The new trade deal, reached late Sunday night, will be called the United States-Mexico-Canada Agreement, or USMCA. If approved by all three countries it will replace the 24-year-old North American Free Trade Agreement.
While the trade agreement helped strengthen the loonie, rising oil prices and other factors also have boosted the Canadian dollar, said Steven Globerman, an international business professor at Western Washington University, in an email to The Bellingham Herald.
The ability to conduct this procedure on a ship such as Sikuliaq, to isolate these cells and preserve them quickly after they have come out of the ocean, allows researchers such as Western Washington University’s Suzanne Strom to make some pretty radical observations about life at the bottom of the food web in the Gulf of Alaska.
If you’ve relied on The Daily Herald for your diet of national and international news over the years, you know the work of John McCartney.
Brett Kavanaugh, the Supreme Court nominee, has been accused of sexual assault. The alleged assault occurred at a party when Kavanaugh was in high school. The victim, Dr. Blasey Ford, told no one when it happened. How reliable is memory after 35 years?
Memory is a critical aspect of this assault allegation. One the one hand, some have argued that traumatic memories are indelible. As described by Dr. Blasey Ford, the assault would have been traumatic since she feared she might die. And the memory continues to traumatize her years later; apparently having been discussed in therapy within the last 10 years.
Natalie Dierickx didn’t always play soccer between the goalposts.
While growing up, she was one of her team’s top scorers until the squad was short of a goalkeeper one season. She was taller than her junior high teammates and agreed to give the position a shot.
“I ended up being good at it and stuck with it,” said Dierickx, now 21, with a laugh over the phone as she traveled with her Western Washington University team on the bus from Bellingham toward a match against St. Martin’s University in Lacey on Sept. 27.
During the height of the forest fire season, when hundreds of blazes were sending thick clouds of smoke rolling across the province, a researcher at the University of Western Washington in Bellingham decided to take a closer look at the particles people were breathing in.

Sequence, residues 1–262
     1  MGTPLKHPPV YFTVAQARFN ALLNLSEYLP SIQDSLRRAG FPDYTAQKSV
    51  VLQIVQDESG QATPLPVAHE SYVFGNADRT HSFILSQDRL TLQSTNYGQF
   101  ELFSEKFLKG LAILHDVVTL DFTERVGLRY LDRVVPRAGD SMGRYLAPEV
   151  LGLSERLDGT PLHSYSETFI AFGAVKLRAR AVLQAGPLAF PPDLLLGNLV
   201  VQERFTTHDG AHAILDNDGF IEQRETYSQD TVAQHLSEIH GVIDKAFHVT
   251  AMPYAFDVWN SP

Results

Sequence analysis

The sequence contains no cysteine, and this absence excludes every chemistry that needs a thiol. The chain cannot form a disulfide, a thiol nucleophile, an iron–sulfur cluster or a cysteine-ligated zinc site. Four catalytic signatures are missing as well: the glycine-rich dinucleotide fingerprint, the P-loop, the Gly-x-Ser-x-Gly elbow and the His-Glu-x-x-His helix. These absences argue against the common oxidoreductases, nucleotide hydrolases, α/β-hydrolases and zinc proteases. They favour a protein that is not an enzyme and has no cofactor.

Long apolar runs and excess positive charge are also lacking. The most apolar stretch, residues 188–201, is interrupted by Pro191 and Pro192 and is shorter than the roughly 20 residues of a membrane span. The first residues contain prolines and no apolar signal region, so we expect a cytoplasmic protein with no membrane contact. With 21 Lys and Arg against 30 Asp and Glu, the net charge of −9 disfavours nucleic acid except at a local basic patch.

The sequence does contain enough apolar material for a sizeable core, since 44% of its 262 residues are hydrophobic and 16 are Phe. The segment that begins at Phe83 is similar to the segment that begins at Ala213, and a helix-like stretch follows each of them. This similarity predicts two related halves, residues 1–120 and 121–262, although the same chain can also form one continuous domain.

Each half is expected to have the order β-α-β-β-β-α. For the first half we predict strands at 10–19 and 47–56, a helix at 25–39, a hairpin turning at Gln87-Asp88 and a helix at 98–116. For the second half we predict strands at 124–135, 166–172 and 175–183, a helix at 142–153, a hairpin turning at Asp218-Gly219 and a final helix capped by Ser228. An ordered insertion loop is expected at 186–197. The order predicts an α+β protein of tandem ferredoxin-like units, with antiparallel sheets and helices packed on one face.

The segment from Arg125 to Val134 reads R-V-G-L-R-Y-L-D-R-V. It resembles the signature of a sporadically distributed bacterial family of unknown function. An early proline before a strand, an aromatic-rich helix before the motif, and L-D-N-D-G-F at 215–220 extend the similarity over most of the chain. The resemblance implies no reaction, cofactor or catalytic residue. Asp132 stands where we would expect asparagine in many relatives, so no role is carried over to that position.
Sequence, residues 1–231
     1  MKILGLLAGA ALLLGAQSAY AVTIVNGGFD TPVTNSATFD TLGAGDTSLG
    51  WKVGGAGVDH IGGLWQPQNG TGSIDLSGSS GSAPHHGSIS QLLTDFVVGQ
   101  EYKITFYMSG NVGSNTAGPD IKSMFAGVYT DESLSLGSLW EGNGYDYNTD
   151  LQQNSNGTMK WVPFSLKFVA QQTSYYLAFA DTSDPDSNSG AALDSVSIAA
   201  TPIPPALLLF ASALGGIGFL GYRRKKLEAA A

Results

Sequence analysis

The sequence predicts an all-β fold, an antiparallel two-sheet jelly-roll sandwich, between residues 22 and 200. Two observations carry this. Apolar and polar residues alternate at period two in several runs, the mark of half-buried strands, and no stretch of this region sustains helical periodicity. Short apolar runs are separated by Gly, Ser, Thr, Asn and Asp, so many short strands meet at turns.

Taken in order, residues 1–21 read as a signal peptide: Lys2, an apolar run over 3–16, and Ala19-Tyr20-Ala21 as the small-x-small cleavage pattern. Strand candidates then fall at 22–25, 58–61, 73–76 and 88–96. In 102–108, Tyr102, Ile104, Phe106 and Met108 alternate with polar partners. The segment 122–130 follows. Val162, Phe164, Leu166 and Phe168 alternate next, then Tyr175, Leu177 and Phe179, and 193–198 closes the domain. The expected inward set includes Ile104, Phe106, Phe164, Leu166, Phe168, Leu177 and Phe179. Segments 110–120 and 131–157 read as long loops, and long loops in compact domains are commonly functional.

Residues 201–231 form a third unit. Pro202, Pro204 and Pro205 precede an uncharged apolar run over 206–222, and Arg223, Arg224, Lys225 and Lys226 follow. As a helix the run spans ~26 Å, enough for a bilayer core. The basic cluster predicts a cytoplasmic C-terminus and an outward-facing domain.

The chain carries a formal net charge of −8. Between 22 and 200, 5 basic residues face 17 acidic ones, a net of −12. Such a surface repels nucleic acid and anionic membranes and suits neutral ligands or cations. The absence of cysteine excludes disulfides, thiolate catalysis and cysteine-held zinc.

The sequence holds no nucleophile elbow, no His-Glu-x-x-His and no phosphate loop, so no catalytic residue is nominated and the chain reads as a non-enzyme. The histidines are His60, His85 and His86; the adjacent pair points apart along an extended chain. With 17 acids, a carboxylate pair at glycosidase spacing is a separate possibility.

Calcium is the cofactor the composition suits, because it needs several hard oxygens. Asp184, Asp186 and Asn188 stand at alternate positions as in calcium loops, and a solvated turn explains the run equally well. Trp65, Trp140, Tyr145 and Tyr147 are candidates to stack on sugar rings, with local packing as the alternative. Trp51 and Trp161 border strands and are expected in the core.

In August, when the pollution from the burning B.C. forests drifted into Washington state, Dr. Mike Kraft, a research associate at Western Washington University (WWU), collected some samples and ran them through the university’s new Scanning Electron Microscope (SEM).
At the time, there were advisories on both sides of the border for people with chronic medical conditions, such as diabetes, lung or heart disease, as well as infants and the elderly, who were advised to avoid strenuous exercise or spending long periods of time outside until the smoke lifted.
Gregory was a local guy, through and through. A 1962 graduate of Roosevelt High School, he went to Western Washington University on a basketball scholarship (he stood 6-foot-7) and earned a degree in Education.
But he had been enthralled by radio since childhood, listening to the legendary DJ Pat O’Day on KJR.
If the trade agreement changes, it could impact Whatcom County in a variety of ways, including labor mobility, a weaker Canadian dollar and fewer goods crossing the border Laurie Trautman, director at Western Washington University’s Border Policy Research Institute, told The Bellingham Herald for a story in June 2018.
According to that story, there’s a wide variety of products and commodities going through the Whatcom County border each day, according to a study based on data from Whatcom Council of Governments and put together by the Port of Bellingham.
The National Park Service has embarked on a 3 to 5 year plan, in collaboration with the Washington Department of Fish and Wildlife and the National Forest Service, to remove all mountain goats from Olympic National Park in Washington state.
As part of that plan, more than 75 mountain goats arrived in Washington's North Cascade mountains by refrigerated truck in recent weeks, before being transferred to helicopters for the ride of their lives.
The mountain goats came from Olympic National Park, where they are a non-native species that has wreaked havoc on the fragile alpine ecosystem and harassed hikers.
"This translocation effort isn't going to solve the problem," said David Wallin, a professor in the environmental sciences department at Western Washington University. "But we figure we can move 300 to 400 goats over and that's a 10 percent bump in the population [in the North Cascades]. Our hope is that will help jump start the recovery." The infusion of goats will boost the genetic diversity of the dwindling North Cascades population.
If it seems like there’s less elbow room at your favorite bar, more unfamiliar faces in the grocery store and more traffic just about everywhere you look, there’s a good reason why — Western Washington University students are back in town.
Approximately 4,100 students were expected to move into WWU’s residence halls, with the majority arriving over the weekend. Thousands more will be moving or have already moved into off-campus housing, in preparation for first day of classes on Wednesday.